New York’s diversity is on delicious display at its immigrant-owned food shops, whether it’s one of the five boroughs’ 16,000 bodegas or a fourth-generation Jewish appetizing store. As chain grocers continue to edge out the mom-and-pops, it’s more important than ever that we give back to the immigrant communities that make up the fabric and flavor of New York. Here, PRIOR charts five specialty ethnic grocery stores across NYC, each of which deserves a visit while in town.
Russ & Daughters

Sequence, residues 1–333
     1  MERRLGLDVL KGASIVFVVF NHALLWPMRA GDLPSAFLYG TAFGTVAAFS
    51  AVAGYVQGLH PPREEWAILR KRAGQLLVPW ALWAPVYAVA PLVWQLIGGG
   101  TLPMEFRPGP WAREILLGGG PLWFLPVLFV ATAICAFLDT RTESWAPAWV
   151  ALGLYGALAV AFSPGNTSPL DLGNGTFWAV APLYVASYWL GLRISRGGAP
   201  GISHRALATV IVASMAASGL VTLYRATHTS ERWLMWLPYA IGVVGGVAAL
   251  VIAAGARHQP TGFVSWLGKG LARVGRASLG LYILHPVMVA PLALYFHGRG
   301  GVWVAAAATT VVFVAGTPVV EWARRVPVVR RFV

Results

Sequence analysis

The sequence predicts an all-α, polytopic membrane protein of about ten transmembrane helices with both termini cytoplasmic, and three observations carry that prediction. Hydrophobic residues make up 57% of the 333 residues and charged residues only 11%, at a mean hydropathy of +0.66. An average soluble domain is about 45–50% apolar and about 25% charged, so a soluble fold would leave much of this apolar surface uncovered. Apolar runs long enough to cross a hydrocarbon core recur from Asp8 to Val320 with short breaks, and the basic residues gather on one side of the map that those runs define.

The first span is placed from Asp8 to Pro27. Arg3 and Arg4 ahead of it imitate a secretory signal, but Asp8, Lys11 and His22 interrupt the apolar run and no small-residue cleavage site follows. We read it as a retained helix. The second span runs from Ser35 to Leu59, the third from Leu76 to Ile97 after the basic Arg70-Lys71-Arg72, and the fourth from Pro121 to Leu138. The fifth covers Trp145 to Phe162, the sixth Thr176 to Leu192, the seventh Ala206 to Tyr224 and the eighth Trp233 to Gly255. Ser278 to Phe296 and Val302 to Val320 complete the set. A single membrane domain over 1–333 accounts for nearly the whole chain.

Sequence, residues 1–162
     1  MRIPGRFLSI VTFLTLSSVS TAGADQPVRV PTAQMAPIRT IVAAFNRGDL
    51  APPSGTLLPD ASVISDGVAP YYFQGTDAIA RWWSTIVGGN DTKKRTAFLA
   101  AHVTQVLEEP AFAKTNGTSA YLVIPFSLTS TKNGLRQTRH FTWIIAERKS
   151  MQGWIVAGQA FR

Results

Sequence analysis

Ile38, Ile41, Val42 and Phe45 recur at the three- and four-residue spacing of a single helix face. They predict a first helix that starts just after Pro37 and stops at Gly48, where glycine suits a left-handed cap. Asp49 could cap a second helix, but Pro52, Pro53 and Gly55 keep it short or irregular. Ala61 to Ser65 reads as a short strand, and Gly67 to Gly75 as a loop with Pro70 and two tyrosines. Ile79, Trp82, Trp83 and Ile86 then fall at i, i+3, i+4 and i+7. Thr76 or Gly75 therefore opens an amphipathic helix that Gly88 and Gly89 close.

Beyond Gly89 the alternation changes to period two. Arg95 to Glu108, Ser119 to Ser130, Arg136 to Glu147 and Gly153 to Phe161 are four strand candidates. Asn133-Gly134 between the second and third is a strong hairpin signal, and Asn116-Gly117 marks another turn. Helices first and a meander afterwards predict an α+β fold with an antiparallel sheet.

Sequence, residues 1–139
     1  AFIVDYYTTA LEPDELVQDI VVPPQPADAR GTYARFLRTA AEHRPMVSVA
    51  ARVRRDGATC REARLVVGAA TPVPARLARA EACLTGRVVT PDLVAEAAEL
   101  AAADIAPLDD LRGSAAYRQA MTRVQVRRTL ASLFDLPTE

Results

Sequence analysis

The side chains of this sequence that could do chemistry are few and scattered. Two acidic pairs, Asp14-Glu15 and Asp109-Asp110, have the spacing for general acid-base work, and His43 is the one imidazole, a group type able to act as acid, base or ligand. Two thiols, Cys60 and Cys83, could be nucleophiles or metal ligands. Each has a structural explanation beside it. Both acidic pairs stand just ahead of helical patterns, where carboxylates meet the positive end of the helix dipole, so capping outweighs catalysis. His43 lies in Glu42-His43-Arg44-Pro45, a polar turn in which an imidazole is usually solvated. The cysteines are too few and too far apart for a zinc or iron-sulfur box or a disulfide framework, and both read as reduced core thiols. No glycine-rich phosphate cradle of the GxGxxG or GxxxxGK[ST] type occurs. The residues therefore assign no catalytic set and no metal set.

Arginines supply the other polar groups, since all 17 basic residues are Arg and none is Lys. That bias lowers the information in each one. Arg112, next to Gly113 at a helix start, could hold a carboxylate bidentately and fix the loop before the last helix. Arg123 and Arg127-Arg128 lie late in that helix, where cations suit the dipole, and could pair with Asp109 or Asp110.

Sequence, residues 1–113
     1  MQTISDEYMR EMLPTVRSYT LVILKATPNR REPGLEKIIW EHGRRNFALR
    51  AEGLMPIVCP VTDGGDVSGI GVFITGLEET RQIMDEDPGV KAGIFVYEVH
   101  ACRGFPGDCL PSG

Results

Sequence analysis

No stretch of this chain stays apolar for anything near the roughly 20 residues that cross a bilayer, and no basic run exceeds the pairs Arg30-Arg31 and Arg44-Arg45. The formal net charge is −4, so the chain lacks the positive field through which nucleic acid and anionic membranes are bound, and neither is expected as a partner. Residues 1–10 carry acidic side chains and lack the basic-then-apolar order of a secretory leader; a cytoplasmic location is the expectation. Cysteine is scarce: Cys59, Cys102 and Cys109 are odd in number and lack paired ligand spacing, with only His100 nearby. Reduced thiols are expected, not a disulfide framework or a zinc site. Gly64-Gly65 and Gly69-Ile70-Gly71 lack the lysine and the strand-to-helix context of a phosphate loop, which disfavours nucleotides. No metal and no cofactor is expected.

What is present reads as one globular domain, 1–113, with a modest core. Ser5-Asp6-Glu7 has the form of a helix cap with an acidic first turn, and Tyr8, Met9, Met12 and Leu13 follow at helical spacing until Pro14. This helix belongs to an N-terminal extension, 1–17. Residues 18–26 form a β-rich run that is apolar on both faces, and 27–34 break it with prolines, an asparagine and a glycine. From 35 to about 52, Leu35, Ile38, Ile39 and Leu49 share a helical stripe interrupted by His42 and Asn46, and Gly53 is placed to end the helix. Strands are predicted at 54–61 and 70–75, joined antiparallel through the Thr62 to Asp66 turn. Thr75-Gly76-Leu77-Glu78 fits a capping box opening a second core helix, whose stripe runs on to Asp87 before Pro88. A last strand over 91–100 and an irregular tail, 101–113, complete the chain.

One of the last remaining institutions of the Lower East Side’s Jewish history, Russ and Daughters is the ultimate appetizing shop — best understood as the place where one buys “the foods one eats with bagels” like lox, herring, whitefish, cream cheese spreads, and (why not) house-label caviar. It’s hard to say what’s more enticing, their bagels and bialys — boiled and baked daily at the Brooklyn Navy Yard — and satiny-pink smoked fish or the ambiance in this snug, unchanged spot. When Joel Russ immigrated here in 1907 from a shtetl in what is now Poland, he began selling schmaltz herring out of a barrel to the thousands of Eastern European Jews in the neighborhood. It took him seven years to found a brick and mortar shop. Having no sons, he named his three daughters partners, apparently making it the first business in the U.S. to register “& Daughters” in its name. The fourth generation of Russes now operate the shop on Houston Street along spinoffs, including a fully kosher restaurant a few blocks away, with another at the Jewish Museum on the Upper East Side. It’s all about community here. If service seems slow, it’s because the regulars ahead of you are bringing the owners up to date on the grandkids. Take a number and take it all in.